Narratives are the discursive form in which issues in medical ethics are apprehended, and communicated. What stories do ‘is to narrate the life in time’ (Forster 1971), not just in novels, but also in fact. Narrative discourse – ‘someone telling someone else that something happened’ (Smith 1981) – is an archetypal means of relating and reporting what is going on, one which also patterns understanding of events.
Many stories turn on conflicts of value, clashes of principle and the promise of resolution. Literature, understood broadly to include novels, biography, memoirs and journalistic accounts, offers readers and professional ethicists alike, potentially rich representations of situations finely graduated by moral viewpoint, ambiguity and complexity (Widdershoven and Smits 1996, Widdershoven and Sohl 1999). Literature can also depict and explore moral doubts and reasoning, and subject argument, motive and character to the scrutiny of a wide readership. In these ways stories both embody and structure our encounters with notions of ‘right’ and ‘wrong’ (MacIntyre 1981: 201, Guroian 1998).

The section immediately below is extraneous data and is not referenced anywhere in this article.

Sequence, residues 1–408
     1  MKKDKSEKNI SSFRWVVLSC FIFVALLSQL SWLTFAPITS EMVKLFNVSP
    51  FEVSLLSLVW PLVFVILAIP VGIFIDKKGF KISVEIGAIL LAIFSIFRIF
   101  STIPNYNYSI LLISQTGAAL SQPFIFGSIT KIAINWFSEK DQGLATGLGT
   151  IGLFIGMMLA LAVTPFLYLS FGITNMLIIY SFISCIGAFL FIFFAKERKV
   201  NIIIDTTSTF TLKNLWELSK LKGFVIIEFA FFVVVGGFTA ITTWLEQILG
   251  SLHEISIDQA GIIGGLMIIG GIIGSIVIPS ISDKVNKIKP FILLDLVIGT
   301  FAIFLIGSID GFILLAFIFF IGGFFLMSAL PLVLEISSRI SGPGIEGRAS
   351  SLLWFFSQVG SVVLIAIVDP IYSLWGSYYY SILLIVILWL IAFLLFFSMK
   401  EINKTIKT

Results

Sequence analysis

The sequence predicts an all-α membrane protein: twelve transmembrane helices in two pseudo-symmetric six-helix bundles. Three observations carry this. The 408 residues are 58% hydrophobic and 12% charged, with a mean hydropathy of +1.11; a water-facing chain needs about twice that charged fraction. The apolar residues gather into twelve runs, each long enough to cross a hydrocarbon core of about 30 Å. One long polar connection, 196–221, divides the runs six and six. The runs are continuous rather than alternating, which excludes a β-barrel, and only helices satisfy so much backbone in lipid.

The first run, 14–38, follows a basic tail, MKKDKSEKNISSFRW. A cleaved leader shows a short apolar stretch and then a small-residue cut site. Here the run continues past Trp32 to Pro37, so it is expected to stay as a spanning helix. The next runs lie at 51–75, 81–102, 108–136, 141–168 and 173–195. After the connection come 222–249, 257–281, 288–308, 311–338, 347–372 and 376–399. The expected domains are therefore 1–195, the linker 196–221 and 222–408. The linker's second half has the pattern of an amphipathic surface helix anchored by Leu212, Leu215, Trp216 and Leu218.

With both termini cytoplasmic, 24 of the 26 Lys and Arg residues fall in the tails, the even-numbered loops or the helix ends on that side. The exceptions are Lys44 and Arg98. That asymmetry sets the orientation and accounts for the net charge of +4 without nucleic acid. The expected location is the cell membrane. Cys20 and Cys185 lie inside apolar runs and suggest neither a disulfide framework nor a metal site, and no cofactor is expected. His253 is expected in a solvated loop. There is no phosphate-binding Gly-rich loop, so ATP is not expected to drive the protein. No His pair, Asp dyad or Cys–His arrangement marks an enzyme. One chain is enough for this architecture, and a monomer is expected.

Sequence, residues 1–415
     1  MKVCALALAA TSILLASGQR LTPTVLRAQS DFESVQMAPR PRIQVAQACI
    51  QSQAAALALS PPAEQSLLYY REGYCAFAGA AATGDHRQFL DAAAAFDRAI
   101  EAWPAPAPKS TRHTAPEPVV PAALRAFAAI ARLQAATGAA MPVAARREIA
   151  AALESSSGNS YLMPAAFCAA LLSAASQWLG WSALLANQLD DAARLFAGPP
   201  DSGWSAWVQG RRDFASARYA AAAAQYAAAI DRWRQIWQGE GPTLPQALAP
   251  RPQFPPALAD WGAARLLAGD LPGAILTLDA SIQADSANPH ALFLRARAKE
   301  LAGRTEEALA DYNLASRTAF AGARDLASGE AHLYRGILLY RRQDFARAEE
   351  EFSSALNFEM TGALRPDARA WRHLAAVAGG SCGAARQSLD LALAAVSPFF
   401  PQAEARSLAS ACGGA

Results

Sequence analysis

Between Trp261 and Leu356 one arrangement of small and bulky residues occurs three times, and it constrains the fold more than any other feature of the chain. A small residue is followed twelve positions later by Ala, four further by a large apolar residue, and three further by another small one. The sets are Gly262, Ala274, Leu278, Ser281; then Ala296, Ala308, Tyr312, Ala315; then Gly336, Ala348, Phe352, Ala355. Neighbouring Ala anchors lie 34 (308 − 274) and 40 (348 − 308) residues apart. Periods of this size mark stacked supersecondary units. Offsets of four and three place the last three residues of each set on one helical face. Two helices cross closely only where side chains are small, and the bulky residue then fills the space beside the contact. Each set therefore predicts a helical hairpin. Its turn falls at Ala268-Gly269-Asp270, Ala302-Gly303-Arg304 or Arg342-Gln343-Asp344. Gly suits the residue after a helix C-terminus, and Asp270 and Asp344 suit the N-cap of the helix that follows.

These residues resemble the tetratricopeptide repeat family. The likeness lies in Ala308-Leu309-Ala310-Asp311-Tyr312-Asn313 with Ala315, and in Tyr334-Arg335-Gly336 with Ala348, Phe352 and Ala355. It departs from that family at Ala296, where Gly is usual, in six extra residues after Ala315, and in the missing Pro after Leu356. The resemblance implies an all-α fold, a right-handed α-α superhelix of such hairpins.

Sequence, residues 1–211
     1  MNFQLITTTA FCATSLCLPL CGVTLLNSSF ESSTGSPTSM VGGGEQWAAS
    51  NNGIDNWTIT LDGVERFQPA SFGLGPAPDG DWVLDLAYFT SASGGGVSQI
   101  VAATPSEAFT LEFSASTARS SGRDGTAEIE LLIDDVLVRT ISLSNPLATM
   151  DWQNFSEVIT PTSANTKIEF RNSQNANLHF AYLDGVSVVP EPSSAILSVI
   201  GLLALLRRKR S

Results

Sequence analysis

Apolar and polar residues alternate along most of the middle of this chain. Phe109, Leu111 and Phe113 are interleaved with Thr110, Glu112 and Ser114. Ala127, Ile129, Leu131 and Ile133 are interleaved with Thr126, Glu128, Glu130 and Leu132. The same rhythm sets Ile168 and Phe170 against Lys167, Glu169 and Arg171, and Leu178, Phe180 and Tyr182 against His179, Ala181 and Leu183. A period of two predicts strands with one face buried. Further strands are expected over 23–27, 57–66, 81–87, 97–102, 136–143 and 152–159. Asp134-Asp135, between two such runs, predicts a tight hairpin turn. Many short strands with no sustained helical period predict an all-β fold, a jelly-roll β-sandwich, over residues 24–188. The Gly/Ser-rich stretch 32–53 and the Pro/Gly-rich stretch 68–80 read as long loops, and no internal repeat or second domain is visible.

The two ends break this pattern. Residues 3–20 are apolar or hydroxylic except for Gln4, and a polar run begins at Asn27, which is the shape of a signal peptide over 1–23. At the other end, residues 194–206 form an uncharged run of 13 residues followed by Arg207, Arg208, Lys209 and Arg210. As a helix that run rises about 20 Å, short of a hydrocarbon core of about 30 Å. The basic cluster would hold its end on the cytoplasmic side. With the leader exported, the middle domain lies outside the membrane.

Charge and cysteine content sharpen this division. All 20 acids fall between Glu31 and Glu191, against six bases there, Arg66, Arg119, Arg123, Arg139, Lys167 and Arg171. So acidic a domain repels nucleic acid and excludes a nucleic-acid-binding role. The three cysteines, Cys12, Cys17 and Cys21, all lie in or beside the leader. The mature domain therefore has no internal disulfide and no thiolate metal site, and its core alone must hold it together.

Some narrative scholars argue that ‘the most interesting parts of the moral world have to be ‘read’, rendered, construed, glossed, elucidated, and not merely described’ (Walzer 1987) and find that novelists have more to teach them than philosophers about how to grapple with moral complexities (Booth 2002). Comprehending the moral content of stories involves making sense of feelings, thoughts and behaviour which engage narrative skills, knowledge of the fine grain of medical case histories and some fluency in philosophical analysis too (Levine 1998: 43).